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Develop locally, sell globally
The last time there was a public call for citizens to buy local, it came from Wendy Lee Yuen, a local agriculture professional and farming consultant. And that call made sense as Ms Lee Yuen urged the public to make more use of locally grown food in their diets and the public sector to take advantage of these ingredients in their menus.
The logic was sound. These were foods we once ate regularly, they are fresher and healthier than imported and processed food and a rise in demand would provide a much-needed impetus for more investment and involvement in local agriculture. Last Monday, the Trinidad and Tobago Local Content Chamber sought to revive the Buy Local campaign, a strategy to keep local dollars at home and to encourage the growth of local business in the late 1960’s and early 70’s.
Chamber president Lennox Sirjuesingh described the current situation as “neocolonialism.” Strong words for an accumulation of tastes, cultural laziness and enthusiasms for packaged, first world goods. While there are some aspects of Mr Sirjuesingh’s arguments that merit some consideration, it remains unclear whether an effort to push paying customers into consuming more locally-produced product can work in 2012. The first Buy Local campaign was introduced in the flush of hopes for a newly-independent nation. Our access to foreign goods was limited, and exposure to first world cultural traditions limited to the American Top 40, cinema and the imported television that TTT could afford to air.
Today’s local customer is a patron of Amazon, a viewer of dozens of channels of cable programming, complete with exciting advertisements for entirely attainable products and visits local malls stocked with an array of goods shipped in from countries all around the world. We have snacks from China and the Phillipines, milk from Germany and cornflakes from the USA.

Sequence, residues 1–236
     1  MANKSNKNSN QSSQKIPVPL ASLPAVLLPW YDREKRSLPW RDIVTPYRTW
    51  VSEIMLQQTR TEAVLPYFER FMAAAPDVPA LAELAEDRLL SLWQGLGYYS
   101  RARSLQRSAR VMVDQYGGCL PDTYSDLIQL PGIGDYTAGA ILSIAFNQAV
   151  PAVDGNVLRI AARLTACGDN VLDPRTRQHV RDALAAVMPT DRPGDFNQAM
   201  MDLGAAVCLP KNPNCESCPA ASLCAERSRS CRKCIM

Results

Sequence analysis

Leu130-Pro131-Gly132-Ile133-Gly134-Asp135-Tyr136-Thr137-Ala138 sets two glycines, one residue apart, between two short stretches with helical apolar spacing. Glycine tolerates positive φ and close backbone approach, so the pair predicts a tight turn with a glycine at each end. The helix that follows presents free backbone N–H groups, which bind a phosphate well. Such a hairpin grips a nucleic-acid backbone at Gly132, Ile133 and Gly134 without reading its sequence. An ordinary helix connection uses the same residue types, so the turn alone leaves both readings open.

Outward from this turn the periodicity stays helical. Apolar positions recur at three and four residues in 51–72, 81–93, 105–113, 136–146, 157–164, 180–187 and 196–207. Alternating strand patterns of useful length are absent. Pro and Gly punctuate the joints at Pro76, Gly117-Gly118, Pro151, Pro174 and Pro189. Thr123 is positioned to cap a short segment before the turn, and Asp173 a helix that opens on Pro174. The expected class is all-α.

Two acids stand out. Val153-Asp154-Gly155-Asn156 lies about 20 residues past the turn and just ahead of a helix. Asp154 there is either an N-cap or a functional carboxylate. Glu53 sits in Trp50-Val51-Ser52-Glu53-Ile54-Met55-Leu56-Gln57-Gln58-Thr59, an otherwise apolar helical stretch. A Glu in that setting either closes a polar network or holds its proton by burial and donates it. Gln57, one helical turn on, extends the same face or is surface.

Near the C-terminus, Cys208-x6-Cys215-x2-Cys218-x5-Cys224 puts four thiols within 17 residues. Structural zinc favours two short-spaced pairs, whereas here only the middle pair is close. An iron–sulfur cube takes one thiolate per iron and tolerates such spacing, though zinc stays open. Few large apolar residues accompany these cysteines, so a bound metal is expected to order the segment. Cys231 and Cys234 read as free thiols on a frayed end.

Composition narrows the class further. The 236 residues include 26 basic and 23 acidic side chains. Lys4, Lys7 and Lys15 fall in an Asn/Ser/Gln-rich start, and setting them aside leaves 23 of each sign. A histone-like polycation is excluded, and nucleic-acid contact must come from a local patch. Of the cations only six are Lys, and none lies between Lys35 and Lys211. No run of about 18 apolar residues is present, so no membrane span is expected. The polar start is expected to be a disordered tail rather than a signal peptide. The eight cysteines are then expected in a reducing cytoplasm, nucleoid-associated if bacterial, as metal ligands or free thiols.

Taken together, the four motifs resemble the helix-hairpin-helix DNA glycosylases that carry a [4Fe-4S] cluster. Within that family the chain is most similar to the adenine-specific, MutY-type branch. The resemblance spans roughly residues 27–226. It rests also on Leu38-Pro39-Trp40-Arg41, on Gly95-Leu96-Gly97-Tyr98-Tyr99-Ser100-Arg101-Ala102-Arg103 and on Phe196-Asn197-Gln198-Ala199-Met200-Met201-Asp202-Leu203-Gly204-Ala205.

In the midst of all this apparently-frenetic consumption of goods originating from foreign shores, our manufacturers are apparently successful enough to warrant alarms being rung in Jamaica and Barbados about the unfair energy advantage that local manufacturers enjoy.
In short, globalisation has made the imperatives of buying local less clear cut than ever before. Changing local tastes now is no longer a matter of insisting on preferred attitudes but of seducing more sophisticated consumers into trying local products, both physical and cultural. In a world that consumes bits as well as atoms, producers of goods that move over fiber optic cable enjoy greater advantage than those who must produce shrinkwrapped pallets full of boxes for shipment.
Are manufacturers still being threatened by arbitrary trade rules? That’s hard to imagine happening in any country that wants to play by the rules of globalisation. What’s certain is that local companies, artists and craftsmen need to do more to persuade local customers of the competitive quality of their products where such shortfalls in perception exist.
There’s great potential available for producers, artists and artisans who work in bits, and it’s these creators who most desperately need leveraging assistance to move their products in the online marketplace. Any effective campaign to encourage more purchases of local product, both packaged and creative, must be focused on persuasion, not pressure, and an acknowledgement of the need for more aggressive marketing.
A local product, crafted to international standards and marketed persuasively is an asset that’s likely to attract attention from local as well as international customers. The next step, then, is to separate producers of bits and atoms and craft strategies that raise product standards and improve marketing for boxes and digitally enable more of our local producers of bits to participate in online markets. It’s simply no longer enough to love our own, we must be ready to refine, package and effectively sell it too.
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